the old ways of suspicion and now embrace peace.
Sorry about the interpreter. (Laughter.)
QUESTION: -- interpretation.
PRESIDENT BUSH: Okay. Well, good luck. (Laughter.)
QUESTION: (Asked in Russian.)
PRESIDENT PUTIN: As far as the staying of Mr. President and his wife in our
home yesterday, I would like you to know two things. For one thing, our personal
relations to have been greatly strengthened. They're very happy to know that
I'm dealing with very honest and upward and straight people. That is one.
And then there is something else, which is by no means a political thing. Yesterday,
when we had our dinner and I was treating my guests of course to the Russian
caviar, and I told him how some of the caviar is produced. The experts would
take the fish and open up the fish and then take the caviar and then throw out
the fish again and throw it back into the water. (Laughter.) Everybody was laughing
-- thinking that I was really inventing things on the spot, something really
improbable. (Laughter.) But I was trying to convince them -- I was really trying
to tell them that I was telling the truth, that's how we treated the environment.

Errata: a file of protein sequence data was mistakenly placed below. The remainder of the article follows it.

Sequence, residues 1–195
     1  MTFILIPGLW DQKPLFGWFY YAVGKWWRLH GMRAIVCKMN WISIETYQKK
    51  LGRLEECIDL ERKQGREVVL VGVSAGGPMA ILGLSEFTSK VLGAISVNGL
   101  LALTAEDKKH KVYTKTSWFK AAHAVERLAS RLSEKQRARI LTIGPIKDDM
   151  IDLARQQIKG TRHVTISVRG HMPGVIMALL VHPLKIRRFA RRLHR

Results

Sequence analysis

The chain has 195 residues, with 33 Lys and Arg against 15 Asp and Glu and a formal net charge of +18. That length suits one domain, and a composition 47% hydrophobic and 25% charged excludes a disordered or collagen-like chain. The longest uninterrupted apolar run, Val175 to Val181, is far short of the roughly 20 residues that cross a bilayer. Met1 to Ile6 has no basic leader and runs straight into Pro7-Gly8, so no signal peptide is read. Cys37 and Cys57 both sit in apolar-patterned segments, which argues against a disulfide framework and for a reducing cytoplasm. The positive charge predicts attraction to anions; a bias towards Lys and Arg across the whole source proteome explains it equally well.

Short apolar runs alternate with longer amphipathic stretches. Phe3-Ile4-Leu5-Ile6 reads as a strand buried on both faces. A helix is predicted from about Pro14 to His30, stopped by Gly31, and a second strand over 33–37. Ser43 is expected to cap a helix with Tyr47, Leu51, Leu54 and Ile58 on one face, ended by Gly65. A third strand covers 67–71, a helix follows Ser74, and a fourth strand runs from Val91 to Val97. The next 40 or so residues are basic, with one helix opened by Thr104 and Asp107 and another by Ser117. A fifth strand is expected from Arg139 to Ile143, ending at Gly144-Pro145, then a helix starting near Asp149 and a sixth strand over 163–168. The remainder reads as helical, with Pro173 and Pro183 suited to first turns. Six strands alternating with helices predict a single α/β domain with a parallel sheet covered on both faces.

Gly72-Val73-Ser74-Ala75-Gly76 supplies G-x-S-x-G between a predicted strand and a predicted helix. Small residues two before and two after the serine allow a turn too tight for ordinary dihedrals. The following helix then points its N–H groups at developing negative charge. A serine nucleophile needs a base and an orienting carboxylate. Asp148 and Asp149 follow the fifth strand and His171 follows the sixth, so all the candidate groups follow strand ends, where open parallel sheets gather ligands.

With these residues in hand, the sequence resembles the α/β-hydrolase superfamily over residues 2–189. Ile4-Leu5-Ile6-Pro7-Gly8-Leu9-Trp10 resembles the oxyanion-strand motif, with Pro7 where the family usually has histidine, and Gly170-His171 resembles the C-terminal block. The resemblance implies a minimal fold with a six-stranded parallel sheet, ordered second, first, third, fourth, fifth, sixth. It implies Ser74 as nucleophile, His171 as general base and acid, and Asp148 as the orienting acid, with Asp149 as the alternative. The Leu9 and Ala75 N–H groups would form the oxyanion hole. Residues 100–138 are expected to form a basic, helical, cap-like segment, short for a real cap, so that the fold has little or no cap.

The Secretary of State, the Russian Foreign Minister, Dr. Rice, Mr. Ivanov and
also both wives -- my wife and Mr. President's wife -- all laughed at me. And
there was only one person who wouldn't laugh and said, "I do believe you,
Mr. President," and that was the President of the United States. (Laughter.)
And I want to confirm it here and now, that's the truth, ladies and gentlemen.
And one more thing. The dinner, the supper was over somewhere around midnight,
because we were supposed to go to St. Petersburg early in the morning. Of course,
we got up very early, we didn't have enough sleep this morning. And when last
night, before going to bed, Mr. President told me that he would be jogging in
the morning, I wouldn't believe him. (Laughter.) But he was doing that, just
Well, on a serious note, as far as the results of this visit are concerned,
I would like to say that myself and my experts, all my experts, we have been
discussing the results of the visit this morning and we have officially agreed
that we are satisfied and all the goals of this visit have been achieved.